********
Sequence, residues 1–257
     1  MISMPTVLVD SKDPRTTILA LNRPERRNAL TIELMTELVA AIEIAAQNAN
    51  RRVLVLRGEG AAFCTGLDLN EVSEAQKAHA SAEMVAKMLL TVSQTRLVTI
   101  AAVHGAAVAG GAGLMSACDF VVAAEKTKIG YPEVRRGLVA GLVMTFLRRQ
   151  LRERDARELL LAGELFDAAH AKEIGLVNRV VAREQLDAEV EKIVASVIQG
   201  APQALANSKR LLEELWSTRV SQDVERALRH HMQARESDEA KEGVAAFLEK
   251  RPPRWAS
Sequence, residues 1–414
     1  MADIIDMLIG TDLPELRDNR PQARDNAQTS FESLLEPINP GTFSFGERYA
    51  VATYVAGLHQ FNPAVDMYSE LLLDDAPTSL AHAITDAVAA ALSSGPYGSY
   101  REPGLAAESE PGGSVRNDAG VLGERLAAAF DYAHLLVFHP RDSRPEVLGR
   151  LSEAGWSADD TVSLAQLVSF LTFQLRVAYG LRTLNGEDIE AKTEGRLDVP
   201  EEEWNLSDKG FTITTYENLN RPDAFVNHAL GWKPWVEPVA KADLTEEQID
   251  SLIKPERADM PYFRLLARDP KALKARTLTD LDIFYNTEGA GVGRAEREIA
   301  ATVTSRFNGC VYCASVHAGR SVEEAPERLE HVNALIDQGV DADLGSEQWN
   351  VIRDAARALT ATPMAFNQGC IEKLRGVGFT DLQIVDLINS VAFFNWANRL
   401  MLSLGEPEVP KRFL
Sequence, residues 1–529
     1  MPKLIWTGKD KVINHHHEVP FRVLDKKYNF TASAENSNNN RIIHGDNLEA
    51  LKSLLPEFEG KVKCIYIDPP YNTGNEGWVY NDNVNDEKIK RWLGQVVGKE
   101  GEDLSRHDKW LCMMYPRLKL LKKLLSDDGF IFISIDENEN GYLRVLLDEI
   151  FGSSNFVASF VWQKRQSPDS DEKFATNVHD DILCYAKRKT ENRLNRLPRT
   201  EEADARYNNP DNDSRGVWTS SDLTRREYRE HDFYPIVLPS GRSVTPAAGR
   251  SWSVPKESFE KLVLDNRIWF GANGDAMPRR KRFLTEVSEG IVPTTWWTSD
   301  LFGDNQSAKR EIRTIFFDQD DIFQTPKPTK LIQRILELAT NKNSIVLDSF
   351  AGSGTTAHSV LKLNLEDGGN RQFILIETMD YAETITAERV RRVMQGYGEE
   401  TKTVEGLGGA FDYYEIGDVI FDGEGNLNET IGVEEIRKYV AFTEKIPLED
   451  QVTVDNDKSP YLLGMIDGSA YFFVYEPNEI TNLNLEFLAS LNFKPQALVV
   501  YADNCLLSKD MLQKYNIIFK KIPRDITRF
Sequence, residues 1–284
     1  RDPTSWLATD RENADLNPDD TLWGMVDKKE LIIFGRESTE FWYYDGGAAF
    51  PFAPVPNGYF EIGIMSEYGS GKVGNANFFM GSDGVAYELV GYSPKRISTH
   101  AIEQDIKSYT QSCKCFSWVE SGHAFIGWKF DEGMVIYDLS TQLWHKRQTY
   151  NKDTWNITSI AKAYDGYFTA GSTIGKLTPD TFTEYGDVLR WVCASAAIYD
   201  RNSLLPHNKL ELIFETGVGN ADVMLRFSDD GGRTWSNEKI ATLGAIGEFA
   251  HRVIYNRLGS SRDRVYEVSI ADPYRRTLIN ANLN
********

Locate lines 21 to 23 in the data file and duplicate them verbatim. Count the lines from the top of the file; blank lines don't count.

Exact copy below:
   101  GEDLSRHDKW LCMMYPRLKL LKKLLSDDGF IFISIDENEN GYLRVLLDEI
   151  FGSSNFVASF VWQKRQSPDS DEKFATNVHD DILCYAKRKT ENRLNRLPRT
   201  EEADARYNNP DNDSRGVWTS SDLTRREYRE HDFYPIVLPS GRSVTPAAGR